Unfortunately I only have the freedom to do this at my branch. The master point-of-sale server is at another location and we dangle by a thread not only in security, but other ways such as using an old desktop PC as the server. I'm glad it's ultimately not my responsibility, but I know they'll still come crying to me when it fails.
Anonymous
Posts
IE on XP supports 3DES and RC4 ciphers, but not AES. (There is a hotfix that adds AES support to Windows Server 2003)
When XP EOL in April last year; we disabled 3DES cipher support on all our public facing web servers
We had already disabled RC4 much earlier; so only AES is supported.

IE on XP are unable to connect to our https sites.
That encourages users to either migrate away to a newer OS or use a supported browser such as Chrome or Firefox on XP.

Windows Server 2003 EOL next month. I wonder how many public web servers are still on 2003.
Mike7

42 Posts Posts
There is no real penalty for running XP in the PCI world. PCI-DSS only prohibits running EOL software if it is Internet-facing (required to be ASV scanned) or if you have not applied all vendor patches.

There also are no real-world regulatory or contractual penalties. One very large card processor fines their customers $25 a month if they have not proved PCI compliance. They call it a "PCI non-compliance fee" rather than a fine. It's a money-maker for them, not a liability.

This is how it works in the real world: First, you need to get compromised. Second, someone outside your organization has to notice AND not go public. The feds are the most likely to notice and they never go public. Third, if you get it cleaned up and no one noticed, it never happened. Fourth, even if you are required to report it, generally the word "material" or "likely" appears in the law and you can always figure out a way to make a judgment call that it was neither likely or material. And if you do get exposed as having been breached, just shrug your shoulders and say "We apologize. We take the security of your data very seriously."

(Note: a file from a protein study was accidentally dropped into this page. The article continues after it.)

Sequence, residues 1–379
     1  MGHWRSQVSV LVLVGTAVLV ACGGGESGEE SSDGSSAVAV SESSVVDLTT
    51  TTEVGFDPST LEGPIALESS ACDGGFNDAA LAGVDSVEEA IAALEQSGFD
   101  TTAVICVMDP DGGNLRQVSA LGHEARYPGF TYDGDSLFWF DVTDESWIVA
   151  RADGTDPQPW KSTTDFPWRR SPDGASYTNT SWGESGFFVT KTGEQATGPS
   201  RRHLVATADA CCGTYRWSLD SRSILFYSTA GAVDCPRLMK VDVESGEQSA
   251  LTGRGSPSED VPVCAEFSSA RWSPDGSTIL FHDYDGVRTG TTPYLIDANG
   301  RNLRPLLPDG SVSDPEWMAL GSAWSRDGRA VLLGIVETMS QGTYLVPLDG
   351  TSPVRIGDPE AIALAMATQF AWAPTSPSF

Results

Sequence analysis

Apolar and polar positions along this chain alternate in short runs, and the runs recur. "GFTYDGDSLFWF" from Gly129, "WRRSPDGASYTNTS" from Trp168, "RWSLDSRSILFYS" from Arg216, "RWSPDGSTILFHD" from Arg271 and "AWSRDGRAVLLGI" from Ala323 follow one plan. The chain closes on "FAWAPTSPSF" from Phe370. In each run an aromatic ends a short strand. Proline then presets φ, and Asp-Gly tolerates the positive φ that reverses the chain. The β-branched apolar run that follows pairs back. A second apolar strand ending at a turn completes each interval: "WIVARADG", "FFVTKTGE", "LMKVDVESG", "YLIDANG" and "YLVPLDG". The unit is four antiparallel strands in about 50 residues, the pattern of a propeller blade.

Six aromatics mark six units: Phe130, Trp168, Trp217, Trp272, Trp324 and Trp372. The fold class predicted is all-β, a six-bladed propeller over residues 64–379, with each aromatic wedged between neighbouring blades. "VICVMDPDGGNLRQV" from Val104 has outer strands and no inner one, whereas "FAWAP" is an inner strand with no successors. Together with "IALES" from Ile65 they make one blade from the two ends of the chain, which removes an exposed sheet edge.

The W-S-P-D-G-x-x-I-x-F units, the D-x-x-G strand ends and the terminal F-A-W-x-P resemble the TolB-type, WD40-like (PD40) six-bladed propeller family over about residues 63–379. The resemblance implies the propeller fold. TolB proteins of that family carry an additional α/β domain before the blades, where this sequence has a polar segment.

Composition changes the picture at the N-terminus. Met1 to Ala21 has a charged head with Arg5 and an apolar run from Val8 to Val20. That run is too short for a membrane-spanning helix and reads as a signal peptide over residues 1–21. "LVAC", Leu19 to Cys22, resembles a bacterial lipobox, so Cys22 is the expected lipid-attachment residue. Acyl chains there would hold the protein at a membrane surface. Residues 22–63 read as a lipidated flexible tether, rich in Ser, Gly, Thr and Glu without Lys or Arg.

In the olden days this behavior was called "negligence." The phrase used today is "Risk Management".
Anonymous
Posts
I checked Mechbgon/srp site...My question is: Can this be done thru an AD GPO or only as a local policy on the system?
AAInfoSec

47 Posts Posts
Application control via whitelisting.
Logging with continuous monitoring.
Bill

3 Posts Posts
Microsoft doesnt list Windows XP (nor Windows XP Embedded nor Windows Embedded POSReady 2009, which is Windows XP SP3 and receives updates till April 2019) in their security bulletins.
They but list the security patches distributed via Windows Update for Windows Embedded POSReady 2009, so the fixed vulnerabilities can be determined this way.

Be aware that there are NO fixes for MS15-050 alias KB3055642, MS15-011 alias KB3000483, MS15-005 alias KB3022777 and MS09-048 alias KB967723 for Windows XP or Windows 2003!
Anonymous
Posts
SRPs can be set via AD GPO, as well as written to the registry via *.INF/*.REG
See http://home.arcor.de/skanthak/SAFER.html for the latter, and note all the caveats.
Anonymous
Posts
My employer is a Fortune 500 company, and we have chosen to use Bit9's Parity product, which is essentially a highly automated and active application white-list system along with network segregation as possible. We're using it on Windows XP and 2003 currently and expect to use it for any other legacy platforms (think Mac OS X) that we haven't gotten rid of by EOS.

Not too pricey, I believe XP licenses are under $50 per and 2003 are less than $150, your purchase price may vary.
Anonymous
Posts

Sign Up for Free or Log In to start participating in the conversation!